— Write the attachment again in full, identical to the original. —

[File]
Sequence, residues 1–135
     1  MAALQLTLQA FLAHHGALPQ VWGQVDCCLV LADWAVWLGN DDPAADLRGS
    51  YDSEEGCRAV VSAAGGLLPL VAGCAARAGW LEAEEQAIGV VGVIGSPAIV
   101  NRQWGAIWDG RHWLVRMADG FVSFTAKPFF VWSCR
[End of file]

Sequence, residues 1–135
     1  MAALQLTLQA FLAHHGALPQ VWGQVDCCLV LADWAVWLGN DDPAADLRGS
    51  YDSEEGCRAV VSAAGGLLPL VAGCAARAGW LEAEEQAIGV VGVIGSPAIV
   101  NRQWGAIWDG RHWLVRMADG FVSFTAKPFF VWSCR